A model of the polio virus.CREDIT: MARTIN MCCARTHY/GETTY IMAGES
My aunt Martha had polio because there was no medicine in 1932 to prevent it and because she was poor – a child of an immigrant family who spoke little English. The children’s noses ran, their heads ached, and so it went. They did not take this middle child of five to the doctor until she awoke one morning in the bed she shared and said, “Papa, Papa, I am so stiff, I am stiff as a board.” She returned home months later, with public-issue crutches and braces which she wore for the next 90 years. They fascinated me as a child, the shining silver circles on her ankles that she hated so deeply; she would close her eyes and duck her head and turn away from my gaze. She is why my mother signed my brother and I up to be test subjects for the polio vaccine clinical trials. She is why I attend very closely to news about polio. This year, the news is the worst in decades, the worst since we stood in lines waiting for our shots from the white-coated nurses at school.
A decade ago polio was all but eradicated everywhere except in Nigeria and Pakistan. Today it is spreading again. The latest outbreak is in war-torn Syria where the government stopped its vaccination program. And now, as a result of the chaos and the flood of over a million homeless refugees, unvaccinated Syrian children live in tents near open sewage drains from which the virus spreads.
The story of how polio has made its comeback is not simple. It began in 2003 when radical Muslim clerics in northern Nigeria issued a ruling to block polio vaccination claiming it was a Western effort to sterilize Muslim girls. As Muslim clerical councils shut down the program, isolated cases spread. Villagers who made the Hajj, the religious pilgrimage to Mecca, took the disease back home with them to India, Cameroon, Equatorial Guinea, Iraq, Ethiopia, Israel, Afghanistan, Sudan, and Somalia.
But let’s not just blame Muslim extremists. The opposition to polio vaccination is astonishingly widespread. There are leftwing websites such asVacTruth that, remarkably, blame polio vaccines for the epidemic. TheLiberty Beacon, a rightwing website, tries to convince readers that the epidemic is a plot by the UN and the drug companies to make profits. Anti-vaccination natural healing websites advise parents to avoid all vaccines: “who needs ‘em,” they say. It is odd to find Hollywood actors weighing in, inadvertently agreeing with Pat Robertson, the conservative politician, that vaccines are dangerous. These views line right up with Taliban theories that vaccination campaigns are a cover for CIA plots, and with some Pentecostal Church ideas about vaccines “interfering with God’s plan for healing.” In fundamentalist communities, regardless of ideology or which scripture is read, a shared praxis of suspicion has emerged.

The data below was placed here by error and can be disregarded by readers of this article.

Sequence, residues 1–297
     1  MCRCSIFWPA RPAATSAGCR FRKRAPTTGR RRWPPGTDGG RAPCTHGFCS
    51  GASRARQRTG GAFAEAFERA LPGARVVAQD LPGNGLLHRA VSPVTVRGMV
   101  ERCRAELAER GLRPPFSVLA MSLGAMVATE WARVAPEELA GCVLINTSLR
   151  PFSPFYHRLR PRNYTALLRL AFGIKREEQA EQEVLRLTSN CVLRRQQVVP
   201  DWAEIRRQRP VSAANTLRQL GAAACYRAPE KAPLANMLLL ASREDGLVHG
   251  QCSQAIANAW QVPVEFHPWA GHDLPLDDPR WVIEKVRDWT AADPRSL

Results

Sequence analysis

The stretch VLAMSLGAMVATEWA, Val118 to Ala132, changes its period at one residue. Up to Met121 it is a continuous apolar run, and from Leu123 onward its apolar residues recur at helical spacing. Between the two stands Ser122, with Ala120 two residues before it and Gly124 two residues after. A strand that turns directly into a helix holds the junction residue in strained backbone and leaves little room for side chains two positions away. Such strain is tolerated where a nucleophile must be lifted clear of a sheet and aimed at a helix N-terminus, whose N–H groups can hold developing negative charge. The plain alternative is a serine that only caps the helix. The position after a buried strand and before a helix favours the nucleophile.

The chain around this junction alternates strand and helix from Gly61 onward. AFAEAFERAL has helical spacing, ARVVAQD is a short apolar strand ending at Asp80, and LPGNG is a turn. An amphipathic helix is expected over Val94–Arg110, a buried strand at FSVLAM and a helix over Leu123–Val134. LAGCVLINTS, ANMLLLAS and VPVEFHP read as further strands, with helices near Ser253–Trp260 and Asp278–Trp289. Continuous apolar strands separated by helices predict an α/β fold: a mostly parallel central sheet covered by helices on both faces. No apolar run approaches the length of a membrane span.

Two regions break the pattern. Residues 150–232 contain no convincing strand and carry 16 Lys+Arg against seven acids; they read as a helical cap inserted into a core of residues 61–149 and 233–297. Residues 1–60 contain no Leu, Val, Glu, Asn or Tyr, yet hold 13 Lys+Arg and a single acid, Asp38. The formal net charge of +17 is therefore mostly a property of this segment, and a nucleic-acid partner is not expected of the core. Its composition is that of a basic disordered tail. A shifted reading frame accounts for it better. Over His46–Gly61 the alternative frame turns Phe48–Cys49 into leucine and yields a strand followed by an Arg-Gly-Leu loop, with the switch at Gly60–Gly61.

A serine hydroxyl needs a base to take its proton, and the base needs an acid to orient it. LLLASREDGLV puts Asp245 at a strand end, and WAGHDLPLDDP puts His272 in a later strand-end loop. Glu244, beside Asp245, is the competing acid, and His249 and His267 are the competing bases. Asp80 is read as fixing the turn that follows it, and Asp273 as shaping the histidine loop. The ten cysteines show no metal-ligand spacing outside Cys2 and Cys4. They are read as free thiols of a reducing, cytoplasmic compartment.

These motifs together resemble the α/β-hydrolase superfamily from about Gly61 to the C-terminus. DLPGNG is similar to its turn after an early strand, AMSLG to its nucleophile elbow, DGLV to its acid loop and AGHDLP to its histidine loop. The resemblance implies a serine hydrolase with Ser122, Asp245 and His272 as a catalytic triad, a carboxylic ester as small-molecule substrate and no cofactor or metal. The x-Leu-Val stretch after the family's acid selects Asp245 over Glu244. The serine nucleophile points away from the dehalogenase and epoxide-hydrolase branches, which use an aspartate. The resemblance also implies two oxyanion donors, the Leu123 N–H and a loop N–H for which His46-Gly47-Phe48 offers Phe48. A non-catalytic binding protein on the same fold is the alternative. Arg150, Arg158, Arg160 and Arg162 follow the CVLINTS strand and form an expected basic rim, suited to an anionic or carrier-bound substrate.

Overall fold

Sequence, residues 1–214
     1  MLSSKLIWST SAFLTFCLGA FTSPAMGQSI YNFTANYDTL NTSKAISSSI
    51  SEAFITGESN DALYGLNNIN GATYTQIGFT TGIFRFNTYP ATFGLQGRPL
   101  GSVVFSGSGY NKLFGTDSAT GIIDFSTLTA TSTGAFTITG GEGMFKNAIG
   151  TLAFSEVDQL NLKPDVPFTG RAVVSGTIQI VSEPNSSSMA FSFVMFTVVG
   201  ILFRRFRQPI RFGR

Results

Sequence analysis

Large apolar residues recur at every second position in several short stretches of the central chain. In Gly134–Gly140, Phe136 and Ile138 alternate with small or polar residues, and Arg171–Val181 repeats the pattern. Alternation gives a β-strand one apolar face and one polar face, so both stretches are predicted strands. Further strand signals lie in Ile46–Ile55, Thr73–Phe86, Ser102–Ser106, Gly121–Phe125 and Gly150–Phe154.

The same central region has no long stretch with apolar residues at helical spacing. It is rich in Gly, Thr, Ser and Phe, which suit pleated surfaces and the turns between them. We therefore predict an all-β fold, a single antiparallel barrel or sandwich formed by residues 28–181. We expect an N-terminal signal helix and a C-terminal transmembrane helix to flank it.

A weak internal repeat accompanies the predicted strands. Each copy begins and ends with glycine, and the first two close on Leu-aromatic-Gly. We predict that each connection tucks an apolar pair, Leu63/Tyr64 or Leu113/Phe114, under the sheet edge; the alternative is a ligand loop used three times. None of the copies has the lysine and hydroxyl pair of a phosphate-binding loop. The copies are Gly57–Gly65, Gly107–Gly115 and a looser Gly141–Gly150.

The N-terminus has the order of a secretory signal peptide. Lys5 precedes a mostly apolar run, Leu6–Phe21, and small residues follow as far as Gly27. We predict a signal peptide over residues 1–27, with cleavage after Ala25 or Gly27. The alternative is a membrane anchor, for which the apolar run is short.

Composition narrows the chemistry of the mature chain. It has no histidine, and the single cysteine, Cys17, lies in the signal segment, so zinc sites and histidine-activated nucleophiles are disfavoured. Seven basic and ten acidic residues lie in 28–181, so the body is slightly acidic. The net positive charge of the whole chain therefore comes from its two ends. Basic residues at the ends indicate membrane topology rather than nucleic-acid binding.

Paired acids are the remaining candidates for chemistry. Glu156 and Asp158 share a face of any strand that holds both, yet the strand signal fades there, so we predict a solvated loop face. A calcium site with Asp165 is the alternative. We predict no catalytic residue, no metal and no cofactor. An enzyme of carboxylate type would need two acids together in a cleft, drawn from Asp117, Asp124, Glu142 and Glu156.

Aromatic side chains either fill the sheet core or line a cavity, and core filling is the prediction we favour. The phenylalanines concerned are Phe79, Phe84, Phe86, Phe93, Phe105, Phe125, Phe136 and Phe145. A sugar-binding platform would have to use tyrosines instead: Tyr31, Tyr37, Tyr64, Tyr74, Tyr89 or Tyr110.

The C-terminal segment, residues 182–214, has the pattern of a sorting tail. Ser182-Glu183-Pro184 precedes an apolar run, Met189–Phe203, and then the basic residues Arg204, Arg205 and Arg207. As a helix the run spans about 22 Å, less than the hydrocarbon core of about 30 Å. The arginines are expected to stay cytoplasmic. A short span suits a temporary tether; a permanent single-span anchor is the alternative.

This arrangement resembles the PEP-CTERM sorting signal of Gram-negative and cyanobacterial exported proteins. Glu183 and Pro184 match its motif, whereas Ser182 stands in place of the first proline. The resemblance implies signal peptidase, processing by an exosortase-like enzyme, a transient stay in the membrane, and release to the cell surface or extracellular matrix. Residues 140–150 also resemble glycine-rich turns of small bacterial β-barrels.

Polio eradication is a moral question: what do we owe to the most vulnerable?
Suspicions were deepened by the CIA’s Osama Bin Laden hunt going under cover as a polio vaccination campaign, a cruelly careless tactic.  In Pakistan, 40 nurses have been killed in the past two years. And large pharmaceutical companies have indeed hidden data to increase profits. One can credit both these organisations with creating a world in which nutty firebrands fan the flames of conspiracy on the internet and men with guns track and shoot aid workers.
Bioethicists, social scientists and journalists need to shoulder some blame as well for we helped sell the idea that the proper way to view the world was through a suspicious lens - until we reach the point where no authority, even one operating according to the proven facts of medical science, is believed. Should we be surprised when leftwing critics attack genetic research, or when rightwing critics attack climate change data, or when people from across the political spectrum mistrust science itself? Polio vaccination, one of our clearest collective duties to the children of the world, is now a casualty of the philosophical struggle for truth.
Polio eradication is a moral question: what do we owe to the most vulnerable? In this sense, it is a theological question, something well understood by the leading Islamic scholars who met this February. Their conclusion, as stated by the Grand Imam of the Holy Mosque of Mecca, was “that protection against diseases is obligatory and admissible under Islamic Sharia, and that any actions which do not support these preventive measures and cause harm to humanity are un-Islamic”. In May, authorities in London declared polio a public health emergency and made it clear that not only must the viral epidemic be stopped, the epidemic of ignorance and mistrust must be tackled as well.
Truth, said philosopher Hannah Arendt, is a fragile statement that must be spoken, heard and answered. It must be defended or it will be silenced. It is hard to believe that a world that has seen breakthroughs in stem cell science and cloning is also a world where children still wake up “stiff as a board” from polio, not because we did not have the science to know  what to do, but because we did not defend the right to do it. 
Laurie Zoloth is a professor of medical ethics and humanities at Northwestern University, Chicago